I began researching service men and women across all branches of the military during WWII. With each individual, and each client who hired me, I learned more about how to research and how to write the stories. I was connected with researchers overseas who live in the Philippines and Europe, research adopted soldiers, specific units or battles, or doing Missing In Action research. These connections led to a lot of sharing of information between us and the ability to connect with other people on both sides of the ponds. I also read several “expert” websites to see what information was being shared. One expert in particular really irritates me every time I read his answers. There is a lot we can learn from those who irritate us – the question is, how do we take this and turn it into something positive to help others.

The more I read online, the more I see there is a lot of misinformation being given to people about WWII research and records access, even from genealogists doing research today. Researchers should stay on top of these issues and disseminate current information. The question was, how could I change all the misinformation being spread?

The answer came in the form of several more lectures which teach people how to research. It also led to the creation of the only books on the market today, which teach people in the U.S. and Europe, HOW to research and write the stories of American service men or women across any branch.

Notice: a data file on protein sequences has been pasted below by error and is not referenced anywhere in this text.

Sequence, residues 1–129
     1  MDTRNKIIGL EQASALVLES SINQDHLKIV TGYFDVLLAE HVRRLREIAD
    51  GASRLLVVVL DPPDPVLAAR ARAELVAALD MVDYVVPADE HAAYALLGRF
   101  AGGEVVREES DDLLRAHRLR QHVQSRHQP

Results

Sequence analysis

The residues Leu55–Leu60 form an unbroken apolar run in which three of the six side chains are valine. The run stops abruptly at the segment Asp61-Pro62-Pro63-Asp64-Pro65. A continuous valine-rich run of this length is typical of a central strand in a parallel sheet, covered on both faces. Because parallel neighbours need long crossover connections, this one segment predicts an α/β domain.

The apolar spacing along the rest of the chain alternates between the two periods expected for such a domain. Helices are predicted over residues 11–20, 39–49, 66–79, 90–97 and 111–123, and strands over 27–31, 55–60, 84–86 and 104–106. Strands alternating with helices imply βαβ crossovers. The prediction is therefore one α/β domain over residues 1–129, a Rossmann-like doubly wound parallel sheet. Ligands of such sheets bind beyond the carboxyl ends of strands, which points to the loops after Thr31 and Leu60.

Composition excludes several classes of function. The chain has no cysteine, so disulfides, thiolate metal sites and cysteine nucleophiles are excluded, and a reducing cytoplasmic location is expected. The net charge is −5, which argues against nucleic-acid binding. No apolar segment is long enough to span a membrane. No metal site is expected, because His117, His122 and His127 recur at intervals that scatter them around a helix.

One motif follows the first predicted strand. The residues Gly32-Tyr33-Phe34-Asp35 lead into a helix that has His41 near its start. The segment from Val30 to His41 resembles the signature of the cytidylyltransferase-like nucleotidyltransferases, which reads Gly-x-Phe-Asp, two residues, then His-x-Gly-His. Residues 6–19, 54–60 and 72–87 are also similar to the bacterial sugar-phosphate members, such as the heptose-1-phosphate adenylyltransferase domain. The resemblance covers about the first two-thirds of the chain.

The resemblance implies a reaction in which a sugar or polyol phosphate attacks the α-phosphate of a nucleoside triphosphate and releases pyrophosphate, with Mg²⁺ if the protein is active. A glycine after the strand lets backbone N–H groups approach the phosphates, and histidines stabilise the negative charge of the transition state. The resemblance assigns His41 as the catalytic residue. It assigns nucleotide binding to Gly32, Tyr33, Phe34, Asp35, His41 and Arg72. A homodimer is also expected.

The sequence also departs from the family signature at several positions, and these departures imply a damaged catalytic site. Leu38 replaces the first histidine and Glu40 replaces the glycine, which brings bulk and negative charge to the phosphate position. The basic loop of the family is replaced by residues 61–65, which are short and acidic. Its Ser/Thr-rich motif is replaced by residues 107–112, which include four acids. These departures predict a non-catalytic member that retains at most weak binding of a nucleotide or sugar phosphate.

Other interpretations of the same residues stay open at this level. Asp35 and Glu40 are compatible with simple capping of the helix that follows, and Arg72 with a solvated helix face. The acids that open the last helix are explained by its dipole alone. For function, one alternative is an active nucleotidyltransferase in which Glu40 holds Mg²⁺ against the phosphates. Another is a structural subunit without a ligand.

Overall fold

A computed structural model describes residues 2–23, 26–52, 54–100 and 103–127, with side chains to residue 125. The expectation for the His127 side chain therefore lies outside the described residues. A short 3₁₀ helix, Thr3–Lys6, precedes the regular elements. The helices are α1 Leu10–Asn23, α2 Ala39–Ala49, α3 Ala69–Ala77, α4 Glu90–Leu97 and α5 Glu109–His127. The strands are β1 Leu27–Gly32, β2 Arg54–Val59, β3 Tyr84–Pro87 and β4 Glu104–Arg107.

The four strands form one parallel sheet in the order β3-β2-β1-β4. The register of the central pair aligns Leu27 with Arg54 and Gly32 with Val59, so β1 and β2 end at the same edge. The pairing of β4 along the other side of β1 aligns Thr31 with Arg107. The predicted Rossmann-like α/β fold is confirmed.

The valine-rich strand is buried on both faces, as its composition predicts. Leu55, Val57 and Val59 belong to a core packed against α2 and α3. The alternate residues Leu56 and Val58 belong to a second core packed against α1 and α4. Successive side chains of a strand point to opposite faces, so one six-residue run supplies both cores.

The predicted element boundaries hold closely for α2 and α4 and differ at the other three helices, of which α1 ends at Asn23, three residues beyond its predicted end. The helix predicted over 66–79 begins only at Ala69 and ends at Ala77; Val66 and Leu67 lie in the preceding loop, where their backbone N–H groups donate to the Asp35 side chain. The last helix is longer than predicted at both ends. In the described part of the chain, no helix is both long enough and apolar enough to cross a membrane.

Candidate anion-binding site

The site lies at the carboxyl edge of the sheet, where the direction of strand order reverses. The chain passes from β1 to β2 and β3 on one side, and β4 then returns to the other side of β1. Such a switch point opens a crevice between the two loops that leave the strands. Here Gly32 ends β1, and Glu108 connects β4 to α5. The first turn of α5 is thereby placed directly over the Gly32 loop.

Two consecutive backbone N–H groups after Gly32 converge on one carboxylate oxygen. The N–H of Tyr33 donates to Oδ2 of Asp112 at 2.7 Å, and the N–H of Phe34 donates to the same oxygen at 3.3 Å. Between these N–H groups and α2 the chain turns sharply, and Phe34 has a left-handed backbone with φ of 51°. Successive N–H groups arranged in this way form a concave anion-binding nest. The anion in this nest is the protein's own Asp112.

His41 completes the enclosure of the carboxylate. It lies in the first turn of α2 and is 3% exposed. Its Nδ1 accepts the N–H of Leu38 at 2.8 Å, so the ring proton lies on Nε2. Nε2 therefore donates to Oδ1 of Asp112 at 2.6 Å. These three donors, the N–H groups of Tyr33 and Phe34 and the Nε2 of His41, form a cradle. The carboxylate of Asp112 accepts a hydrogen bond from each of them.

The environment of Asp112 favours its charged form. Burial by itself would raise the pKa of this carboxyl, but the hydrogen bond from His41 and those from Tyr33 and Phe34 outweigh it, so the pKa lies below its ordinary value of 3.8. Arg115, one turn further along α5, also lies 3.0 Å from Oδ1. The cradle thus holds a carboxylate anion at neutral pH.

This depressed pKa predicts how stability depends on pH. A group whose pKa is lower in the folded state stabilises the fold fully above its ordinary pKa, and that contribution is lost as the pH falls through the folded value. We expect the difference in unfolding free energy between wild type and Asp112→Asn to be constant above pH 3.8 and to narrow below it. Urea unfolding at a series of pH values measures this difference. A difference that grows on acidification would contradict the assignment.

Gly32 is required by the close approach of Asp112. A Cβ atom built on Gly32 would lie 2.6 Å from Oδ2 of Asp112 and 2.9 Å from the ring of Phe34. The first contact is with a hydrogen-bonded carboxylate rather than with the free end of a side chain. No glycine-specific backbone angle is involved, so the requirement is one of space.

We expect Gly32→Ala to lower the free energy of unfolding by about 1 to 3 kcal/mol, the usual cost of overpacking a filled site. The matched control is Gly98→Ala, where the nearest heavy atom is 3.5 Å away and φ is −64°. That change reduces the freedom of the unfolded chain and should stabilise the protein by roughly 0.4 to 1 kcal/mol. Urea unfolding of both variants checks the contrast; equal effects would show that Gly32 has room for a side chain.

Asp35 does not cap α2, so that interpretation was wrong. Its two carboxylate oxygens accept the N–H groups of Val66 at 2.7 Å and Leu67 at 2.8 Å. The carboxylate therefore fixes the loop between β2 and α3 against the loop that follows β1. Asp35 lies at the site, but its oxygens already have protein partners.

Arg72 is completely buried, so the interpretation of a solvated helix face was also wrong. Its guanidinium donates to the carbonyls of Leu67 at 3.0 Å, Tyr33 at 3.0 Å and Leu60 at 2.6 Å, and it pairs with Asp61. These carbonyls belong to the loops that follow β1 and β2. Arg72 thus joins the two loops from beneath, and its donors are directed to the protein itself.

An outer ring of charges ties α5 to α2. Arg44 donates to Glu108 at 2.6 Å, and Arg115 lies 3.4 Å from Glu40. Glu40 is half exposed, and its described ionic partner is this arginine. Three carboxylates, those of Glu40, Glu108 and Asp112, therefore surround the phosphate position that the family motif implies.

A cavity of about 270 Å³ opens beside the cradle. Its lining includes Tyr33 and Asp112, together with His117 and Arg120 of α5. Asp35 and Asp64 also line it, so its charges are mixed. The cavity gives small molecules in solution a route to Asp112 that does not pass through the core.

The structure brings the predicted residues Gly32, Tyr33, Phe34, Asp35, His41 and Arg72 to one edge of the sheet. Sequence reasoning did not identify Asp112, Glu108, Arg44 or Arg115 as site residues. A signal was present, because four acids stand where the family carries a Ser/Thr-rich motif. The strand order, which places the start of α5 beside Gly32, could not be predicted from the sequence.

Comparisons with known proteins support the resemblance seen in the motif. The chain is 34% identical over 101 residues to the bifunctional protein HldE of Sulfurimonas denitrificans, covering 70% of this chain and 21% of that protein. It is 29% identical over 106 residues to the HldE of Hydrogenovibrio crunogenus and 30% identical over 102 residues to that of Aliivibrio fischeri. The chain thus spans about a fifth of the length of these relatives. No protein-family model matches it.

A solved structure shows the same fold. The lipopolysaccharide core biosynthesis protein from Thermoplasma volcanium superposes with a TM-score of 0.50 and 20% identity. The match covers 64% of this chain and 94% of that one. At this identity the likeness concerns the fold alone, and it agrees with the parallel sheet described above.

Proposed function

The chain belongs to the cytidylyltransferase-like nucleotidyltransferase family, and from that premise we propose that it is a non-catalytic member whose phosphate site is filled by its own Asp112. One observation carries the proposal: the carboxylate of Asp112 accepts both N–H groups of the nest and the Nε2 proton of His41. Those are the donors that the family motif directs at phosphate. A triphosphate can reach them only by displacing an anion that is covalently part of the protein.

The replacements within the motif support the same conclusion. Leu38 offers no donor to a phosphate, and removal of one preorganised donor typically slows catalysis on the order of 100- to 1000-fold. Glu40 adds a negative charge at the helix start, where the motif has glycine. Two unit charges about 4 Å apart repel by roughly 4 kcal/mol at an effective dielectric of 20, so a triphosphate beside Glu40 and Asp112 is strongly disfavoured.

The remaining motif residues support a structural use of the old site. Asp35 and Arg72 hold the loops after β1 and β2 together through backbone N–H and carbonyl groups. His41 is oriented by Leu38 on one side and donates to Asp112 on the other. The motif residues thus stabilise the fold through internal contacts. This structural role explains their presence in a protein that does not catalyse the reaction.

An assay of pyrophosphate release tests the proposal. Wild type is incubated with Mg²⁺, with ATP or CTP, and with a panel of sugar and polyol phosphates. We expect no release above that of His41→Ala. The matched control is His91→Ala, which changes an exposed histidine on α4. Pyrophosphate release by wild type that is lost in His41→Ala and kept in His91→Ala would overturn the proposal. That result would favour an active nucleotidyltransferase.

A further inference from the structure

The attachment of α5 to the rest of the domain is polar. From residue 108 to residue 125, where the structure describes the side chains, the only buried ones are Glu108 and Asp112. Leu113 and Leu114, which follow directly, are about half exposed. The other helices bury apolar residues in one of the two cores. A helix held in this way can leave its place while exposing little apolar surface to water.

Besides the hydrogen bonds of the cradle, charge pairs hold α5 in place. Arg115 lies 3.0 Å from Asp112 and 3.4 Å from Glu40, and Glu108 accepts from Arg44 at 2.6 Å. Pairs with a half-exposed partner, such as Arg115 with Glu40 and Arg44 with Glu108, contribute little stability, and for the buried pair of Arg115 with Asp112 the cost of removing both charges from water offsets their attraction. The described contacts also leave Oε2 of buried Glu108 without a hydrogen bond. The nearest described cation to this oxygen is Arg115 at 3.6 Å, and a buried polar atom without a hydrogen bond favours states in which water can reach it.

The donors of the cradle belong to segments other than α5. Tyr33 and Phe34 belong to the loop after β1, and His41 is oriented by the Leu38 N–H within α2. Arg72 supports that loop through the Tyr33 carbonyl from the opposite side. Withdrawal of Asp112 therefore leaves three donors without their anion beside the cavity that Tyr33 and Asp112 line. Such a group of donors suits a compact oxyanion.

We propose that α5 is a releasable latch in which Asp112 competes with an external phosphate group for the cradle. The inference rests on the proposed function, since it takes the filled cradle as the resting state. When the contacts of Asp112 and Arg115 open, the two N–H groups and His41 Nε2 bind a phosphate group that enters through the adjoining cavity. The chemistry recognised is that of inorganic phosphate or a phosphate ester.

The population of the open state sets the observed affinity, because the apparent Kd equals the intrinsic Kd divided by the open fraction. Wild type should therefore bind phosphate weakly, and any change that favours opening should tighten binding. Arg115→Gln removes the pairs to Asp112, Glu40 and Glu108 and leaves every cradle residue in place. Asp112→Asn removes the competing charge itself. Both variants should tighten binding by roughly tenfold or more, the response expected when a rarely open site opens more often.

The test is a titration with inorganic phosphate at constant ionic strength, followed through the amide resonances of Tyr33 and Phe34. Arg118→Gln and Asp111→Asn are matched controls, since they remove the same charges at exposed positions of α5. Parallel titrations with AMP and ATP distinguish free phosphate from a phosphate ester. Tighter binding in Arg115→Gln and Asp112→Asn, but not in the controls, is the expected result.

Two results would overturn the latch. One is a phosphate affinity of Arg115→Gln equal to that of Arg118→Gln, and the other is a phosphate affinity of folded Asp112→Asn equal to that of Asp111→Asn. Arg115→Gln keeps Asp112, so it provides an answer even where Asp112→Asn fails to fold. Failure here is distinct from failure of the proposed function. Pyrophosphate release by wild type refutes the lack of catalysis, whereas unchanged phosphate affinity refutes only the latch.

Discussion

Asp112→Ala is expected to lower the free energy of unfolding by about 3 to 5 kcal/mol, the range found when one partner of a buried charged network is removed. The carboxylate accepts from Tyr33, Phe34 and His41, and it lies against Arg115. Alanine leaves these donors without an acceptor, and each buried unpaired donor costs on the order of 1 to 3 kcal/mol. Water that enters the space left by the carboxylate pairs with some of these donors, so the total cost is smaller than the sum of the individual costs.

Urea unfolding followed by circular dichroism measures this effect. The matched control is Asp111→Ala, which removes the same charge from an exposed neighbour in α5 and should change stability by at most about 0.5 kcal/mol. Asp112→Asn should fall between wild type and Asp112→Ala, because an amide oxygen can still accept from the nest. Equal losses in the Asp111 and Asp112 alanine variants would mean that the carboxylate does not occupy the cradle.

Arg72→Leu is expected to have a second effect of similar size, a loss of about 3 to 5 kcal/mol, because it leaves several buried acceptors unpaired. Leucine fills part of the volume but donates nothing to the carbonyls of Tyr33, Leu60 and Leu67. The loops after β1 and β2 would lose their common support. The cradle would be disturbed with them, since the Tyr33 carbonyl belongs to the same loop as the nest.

Luxembourg James Flag (54)My genealogy to WWII journey has taken me down many interesting roads. It led me across the sea to Europe where I’ve created a life there with my Dutch husband Johan. Actually I live two lives – one in Chicago and one in Europe from time to time. Makes for interesting stories, experiences, and life. My journey often led me down deep, dark, emotional trails to help me grow and change. Military research is not all sunshine, unicorns, and rainbows. It causes us to examine things we prefer to avoid, and feel things we may have held apart from our hearts for a long time. It sometimes brings to the surface the secrets, lies, darkness that our family has tried to hide. I have helped many clients process these results over the last decade.

 

The most important part of the journey is that my research, writing, and speaking has provided a lot of education and healing for myself, the service members I research, and their families. For this I am extremely grateful. I truly have the best job and am living my life’s purpose. I’m so grateful for the opportunity.

Where will the road or airplane lead next? I have some plans and ideas that are exciting. You’ll have to come back and keep reading to see what happens!

Why did you start researching World War II? Please share your story with us in the comments.

 

Can I help you with your research?

Are you ready to learn the bigger picture of your family member’s military service? Email us at info@wwiirwc.com to set up your free phone consultation today to discuss project options, fees, and time. You can also sign-up for our free newsletter and receive the Start Writing Your Military Story Today free!

© 2019 Jennifer Holik